Apache Atlas is the one stop solution for data governance and metadata management on enterprise Hadoop clusters. Atlas has a scalable and extensible architecture which can plug into many Hadoop components to manage their metadata in a central repository. Vimal Sharma will review the challenges associated with managing large datasets on Hadoop clusters and demonstrate how Atlas solves the problem. Vimal will focus on Cross Component lineage tracking capability of Apache Atlas. Vimal will also discuss the upcoming features and roadmap of Apache Atlas.
The talk is intended to introduce Apache Atlas and its capabilities to audience. It is also intended to invite potential developers to contribute to the Apache Atlas project.
Apache Atlas Project Introduction
Data Governance challenge and use case scenarios
Cross component lineage capability of Atlas
Apache Ranger integration to enforce tag based policies
Model Spark Dataframe as an Atlas type
Demo based on the above model
Invitation to contribute
More details on Order of presentation
Why Apache Atlas(What are the use cases)
Enterprises have 100s of ETL pipelines wherein developers take the source data, apply transformations and persist the result into the warehouse. Now, if an upstream pipeline breaks/fails, how does the owner of current dataset narrow down on the cause and culprit ETL pipeline. Further, if the current pipeline breaks, the owner has no mechanism to alert the owners of downstream processes. A tool which could keep track of the provenance/lineage/impact of a dataset would solve this issue. Atlas has the capability to track lineage of the datasets.
ETL redundancy is another striking issue in current enterprise Hadoop deployments. Many developers process data and persist it to the warehouse. They don’t have any mechanism to detect if the result they need is already computed and resides in a dataset. Using the lineage diagram and classification feature of Atlas, developers can look into the details of derived datasets and skip the expensive processing if the information is already available in one of the derived datasets.
Further, enterprises need to adhere to compliance policies which span multiple datasets across components like Hive, HBase, HDFS etc. How can the business make sure that a particular policy is enforced across datasets in these components. Datasets can be tagged in Atlas and Ranger can use its Tag based policy feature to enforce constraints
Cluster admin may need to periodically clean up the unused/dormant datasets from the warehouse. How can the admin narrow down on the candidate datasets for archival. Atlas is useful in determining the relevance of a dataset on the basis of the number of tags and downstream datasets derived from it.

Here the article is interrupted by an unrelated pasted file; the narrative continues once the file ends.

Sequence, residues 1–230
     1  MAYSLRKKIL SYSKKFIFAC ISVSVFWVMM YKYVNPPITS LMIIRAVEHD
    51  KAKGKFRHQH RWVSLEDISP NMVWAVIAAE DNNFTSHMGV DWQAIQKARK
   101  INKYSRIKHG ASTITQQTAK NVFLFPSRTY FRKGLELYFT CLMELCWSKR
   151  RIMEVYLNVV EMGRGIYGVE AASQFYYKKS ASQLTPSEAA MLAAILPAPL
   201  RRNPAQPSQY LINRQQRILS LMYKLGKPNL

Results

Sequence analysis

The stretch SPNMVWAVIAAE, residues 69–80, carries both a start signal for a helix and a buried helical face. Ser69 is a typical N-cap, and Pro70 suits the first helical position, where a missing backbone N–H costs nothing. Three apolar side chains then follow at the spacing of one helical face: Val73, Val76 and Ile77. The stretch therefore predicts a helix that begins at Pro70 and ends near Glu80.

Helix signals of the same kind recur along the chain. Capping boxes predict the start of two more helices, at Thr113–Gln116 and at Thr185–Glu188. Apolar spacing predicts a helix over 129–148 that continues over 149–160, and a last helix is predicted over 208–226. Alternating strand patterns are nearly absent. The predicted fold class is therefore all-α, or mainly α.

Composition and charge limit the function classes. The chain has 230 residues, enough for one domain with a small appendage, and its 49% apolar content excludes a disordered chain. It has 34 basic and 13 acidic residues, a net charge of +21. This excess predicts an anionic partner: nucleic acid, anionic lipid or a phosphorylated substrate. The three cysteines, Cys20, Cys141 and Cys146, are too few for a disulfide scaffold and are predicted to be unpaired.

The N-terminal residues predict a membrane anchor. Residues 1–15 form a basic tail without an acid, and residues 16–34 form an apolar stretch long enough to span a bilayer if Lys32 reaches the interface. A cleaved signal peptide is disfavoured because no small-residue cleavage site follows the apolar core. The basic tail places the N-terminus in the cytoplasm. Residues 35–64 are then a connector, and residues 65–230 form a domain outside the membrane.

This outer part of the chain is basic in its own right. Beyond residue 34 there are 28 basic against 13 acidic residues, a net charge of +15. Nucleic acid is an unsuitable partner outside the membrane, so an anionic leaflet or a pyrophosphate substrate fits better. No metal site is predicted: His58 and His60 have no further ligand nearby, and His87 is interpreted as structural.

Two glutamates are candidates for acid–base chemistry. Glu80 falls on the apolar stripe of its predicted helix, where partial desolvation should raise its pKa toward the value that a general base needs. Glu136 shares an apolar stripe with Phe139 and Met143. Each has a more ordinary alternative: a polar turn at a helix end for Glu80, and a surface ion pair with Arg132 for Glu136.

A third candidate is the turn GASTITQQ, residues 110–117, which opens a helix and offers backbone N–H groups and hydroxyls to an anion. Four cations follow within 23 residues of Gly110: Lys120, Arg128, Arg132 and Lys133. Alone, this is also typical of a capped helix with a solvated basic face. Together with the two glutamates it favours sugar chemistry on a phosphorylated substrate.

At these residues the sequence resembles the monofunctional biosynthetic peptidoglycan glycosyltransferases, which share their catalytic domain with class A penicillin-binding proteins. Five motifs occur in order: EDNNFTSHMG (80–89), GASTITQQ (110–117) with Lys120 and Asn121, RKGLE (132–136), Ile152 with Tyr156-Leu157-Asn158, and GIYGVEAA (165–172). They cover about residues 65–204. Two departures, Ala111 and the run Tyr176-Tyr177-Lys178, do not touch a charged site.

What is Apache Atlas
Apache Atlas is the governance and metadata framework for Hadoop. Atlas has a scalable and extensible architecture which can plug into many Hadoop components to manage their metadata in a central repository. By virtue of its extensible TypeSystem, any arbitrary component(not necessarily a Hadoop component) can be modelled to capture the metadata of its datasets and events. The metadata events can then be classified using tags which can further be used to enforce security policies by Ranger. When a dataset derives from another dataset, the event can be registered and Atlas will capture the lineage relationship.
Atlas provides inbuilt support for some Hadoop components like Hive, Storm and Sqoop. This means that whenever new datasets and events are created in these components, Atlas captures the metadata of those events. For new components like Spark, first the model of the metadata to be captured needs to be defined and registered with Atlas. Once the model is in place, datasets and events occuring in that component can be registered with Atlas using its rich REST API.
The demo for the presentation will cover these parts. First, Spark datasets will be modeled and registered with Atlas. Then, a realistic use case will be considered where we will capture a lineage relationship across components like HDFS and Kafka. We will then go to Atlas UI and inspect lineage and other features like tag based classification, search and advanced search
Vimal Sharma is Apache Atlas PMC and Committer at Hortonworks. Vimal graduated from IIT Kanpur with a B.Tech in Computer Science. Vimal is highly passionate about Hadoop stack and has previously worked on scaling backend systems at WalmartLabs using Spark and Kafka.
Vimal was a speaker at ApacheCon BigData 2017